Over the past few years, there have been more and more events in track and field that have run into issues with extreme heat. At the highest level a few specifically come to mind — the Doha World Championships in 2019 and the past few U.S. Olympic Trials and National Championships.

Just this year at the U.S. Olympic Trials, events were moved around and the entire schedule was pushed back due to an unprecedented heat wave in temperate Eugene, OR, of all places!

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Bridget Franek (Photo credit: USA Track & Field)

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Even as far back as I can remember, heat has been an issue due to the time of year the major track meets take place and the cities were chosen to host the events. U.S. Championships in Indiana in June/July were always very hot and humid and U.S. Championships in Sacramento, CA were always very hot and dry. Despite the heat however, it was rare that the sport organization hosting the event would alter the schedule once it was set.

However lately, I am noticing more and more that the organizing organizations are trying to take extreme weather, especially heat, into account during the planning of their events and are being more accommodating with schedule changes if/when the forecast requires it. When Doha won the bid to host the World Championships, they pushed the event back more than a month to accommodate. Obviously, this was a better solution for the competitors than making them compete in extreme heat however, it poses another challenge for them as they try to prepare.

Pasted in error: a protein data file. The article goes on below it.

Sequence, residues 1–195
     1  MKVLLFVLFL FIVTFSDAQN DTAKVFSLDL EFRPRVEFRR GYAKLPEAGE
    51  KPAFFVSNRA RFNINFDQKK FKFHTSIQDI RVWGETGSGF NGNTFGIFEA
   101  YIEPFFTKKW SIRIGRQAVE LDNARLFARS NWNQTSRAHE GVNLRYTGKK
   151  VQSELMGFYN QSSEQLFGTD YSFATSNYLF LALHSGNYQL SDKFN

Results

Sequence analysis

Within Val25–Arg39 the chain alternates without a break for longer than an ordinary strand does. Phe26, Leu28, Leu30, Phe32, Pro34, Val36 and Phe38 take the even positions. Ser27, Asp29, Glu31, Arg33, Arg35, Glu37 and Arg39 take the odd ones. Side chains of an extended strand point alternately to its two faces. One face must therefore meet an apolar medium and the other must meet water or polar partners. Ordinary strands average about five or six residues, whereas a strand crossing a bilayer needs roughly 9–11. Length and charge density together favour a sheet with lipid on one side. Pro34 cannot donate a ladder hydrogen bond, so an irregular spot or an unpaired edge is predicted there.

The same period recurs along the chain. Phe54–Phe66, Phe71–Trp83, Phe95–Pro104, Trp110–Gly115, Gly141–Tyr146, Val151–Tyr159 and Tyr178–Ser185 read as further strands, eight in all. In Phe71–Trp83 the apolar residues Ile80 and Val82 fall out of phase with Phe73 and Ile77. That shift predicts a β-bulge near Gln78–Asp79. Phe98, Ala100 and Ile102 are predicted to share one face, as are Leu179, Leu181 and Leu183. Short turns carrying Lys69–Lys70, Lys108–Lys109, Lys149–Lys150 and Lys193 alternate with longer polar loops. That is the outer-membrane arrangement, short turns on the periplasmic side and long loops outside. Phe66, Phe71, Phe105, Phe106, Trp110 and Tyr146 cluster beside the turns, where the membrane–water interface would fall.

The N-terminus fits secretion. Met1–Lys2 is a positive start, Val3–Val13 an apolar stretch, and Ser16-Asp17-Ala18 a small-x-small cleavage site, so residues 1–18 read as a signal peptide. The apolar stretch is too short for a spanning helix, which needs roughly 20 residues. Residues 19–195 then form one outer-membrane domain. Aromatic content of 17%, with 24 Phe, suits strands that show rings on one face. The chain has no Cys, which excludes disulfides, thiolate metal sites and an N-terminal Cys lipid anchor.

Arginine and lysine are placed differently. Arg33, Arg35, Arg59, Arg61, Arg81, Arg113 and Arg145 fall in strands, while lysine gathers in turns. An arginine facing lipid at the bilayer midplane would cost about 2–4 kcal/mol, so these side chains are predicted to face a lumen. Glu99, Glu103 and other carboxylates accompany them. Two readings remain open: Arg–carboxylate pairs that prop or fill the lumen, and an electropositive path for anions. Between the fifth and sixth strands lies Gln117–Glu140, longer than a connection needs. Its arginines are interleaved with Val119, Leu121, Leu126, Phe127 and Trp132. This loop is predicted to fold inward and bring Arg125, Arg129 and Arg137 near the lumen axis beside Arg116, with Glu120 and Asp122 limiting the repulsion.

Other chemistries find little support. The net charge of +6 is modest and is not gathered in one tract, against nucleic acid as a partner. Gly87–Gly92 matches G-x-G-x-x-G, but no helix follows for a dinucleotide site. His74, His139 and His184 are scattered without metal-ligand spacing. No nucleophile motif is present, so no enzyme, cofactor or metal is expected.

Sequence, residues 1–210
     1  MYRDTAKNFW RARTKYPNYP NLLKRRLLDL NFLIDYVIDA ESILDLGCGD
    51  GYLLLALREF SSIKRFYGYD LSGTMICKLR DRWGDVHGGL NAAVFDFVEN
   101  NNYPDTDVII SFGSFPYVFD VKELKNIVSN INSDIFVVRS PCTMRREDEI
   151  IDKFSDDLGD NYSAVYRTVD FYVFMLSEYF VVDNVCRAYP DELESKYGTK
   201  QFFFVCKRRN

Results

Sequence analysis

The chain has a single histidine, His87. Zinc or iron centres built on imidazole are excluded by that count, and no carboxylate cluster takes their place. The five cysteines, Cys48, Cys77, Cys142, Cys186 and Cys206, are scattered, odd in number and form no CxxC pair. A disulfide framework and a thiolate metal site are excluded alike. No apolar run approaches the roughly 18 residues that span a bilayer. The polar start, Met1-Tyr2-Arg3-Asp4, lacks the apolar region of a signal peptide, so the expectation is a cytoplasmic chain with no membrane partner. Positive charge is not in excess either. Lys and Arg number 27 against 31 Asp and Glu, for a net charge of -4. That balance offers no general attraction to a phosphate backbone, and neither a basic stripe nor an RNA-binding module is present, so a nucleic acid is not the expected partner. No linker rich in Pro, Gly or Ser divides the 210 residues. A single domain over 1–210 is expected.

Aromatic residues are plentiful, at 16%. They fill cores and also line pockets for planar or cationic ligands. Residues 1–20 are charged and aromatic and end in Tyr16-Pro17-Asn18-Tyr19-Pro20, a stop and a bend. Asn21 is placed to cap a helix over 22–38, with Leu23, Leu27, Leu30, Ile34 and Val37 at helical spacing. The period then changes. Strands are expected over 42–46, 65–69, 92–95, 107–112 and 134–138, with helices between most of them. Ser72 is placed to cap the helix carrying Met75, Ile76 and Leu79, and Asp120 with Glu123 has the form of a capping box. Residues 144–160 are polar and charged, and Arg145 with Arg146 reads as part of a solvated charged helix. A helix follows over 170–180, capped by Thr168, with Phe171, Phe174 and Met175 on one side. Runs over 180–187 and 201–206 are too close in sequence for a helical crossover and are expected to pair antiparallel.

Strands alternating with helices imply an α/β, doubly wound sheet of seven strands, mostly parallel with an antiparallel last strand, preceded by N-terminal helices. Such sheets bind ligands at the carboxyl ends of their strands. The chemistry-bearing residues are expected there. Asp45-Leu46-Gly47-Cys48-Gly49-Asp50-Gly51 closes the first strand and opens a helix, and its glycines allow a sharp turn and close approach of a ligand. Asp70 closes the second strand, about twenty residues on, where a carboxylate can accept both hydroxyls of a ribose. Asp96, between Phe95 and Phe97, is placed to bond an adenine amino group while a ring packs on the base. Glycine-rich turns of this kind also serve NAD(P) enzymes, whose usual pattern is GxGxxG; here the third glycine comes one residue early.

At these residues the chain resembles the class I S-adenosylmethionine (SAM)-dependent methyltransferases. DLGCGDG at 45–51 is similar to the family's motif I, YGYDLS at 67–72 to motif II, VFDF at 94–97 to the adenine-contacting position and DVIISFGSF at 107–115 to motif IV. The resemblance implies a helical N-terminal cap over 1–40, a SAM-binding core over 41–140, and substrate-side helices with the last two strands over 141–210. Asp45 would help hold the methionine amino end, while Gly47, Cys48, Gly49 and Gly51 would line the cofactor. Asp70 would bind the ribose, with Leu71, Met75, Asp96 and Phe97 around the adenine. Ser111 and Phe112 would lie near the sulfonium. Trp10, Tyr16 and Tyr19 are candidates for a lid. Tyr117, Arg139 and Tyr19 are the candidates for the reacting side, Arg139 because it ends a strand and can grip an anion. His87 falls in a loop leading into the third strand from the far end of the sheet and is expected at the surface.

Because of the schedule change, all other meets leading up to that Championships had to be adjusted and the yearly training rhythm that the athletes rely on from one year to the next had to be completely revised, not only the year leading up but also the following year.

No matter how you cut it, extreme heat is definitely becoming more and more of an issue for professional athletes training and competing at the highest level of sports.


Joie Leigh, field hockey, Great Britain (Rio 2016)

I feel like there are a couple of different examples which illustrate how weather events, expected to become more frequent with climate change, have impacted hockey.

Firstly, playing in extreme heat, in places such as Australia is definitely something I think of. As we well know heat makes it a lot harder to play in – and there is also the issue of pumping loads of water onto a water-based hockey pitch in the middle of a drought.

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Joie Leigh (Photo credit: GB Hockey)

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Secondly a little closer to home, last year and on a few previous occasions, the pitch of a hockey club I have played at in the past flooded. This unsurprisingly ruined the pitch and adjacent tennis courts with all the dirty water and debris. Obviously this had some pretty challenging financial implications for the club. With flash floods likely to get more likely with increasing intensity of rainfall events – I’m sure this will happen to more clubs.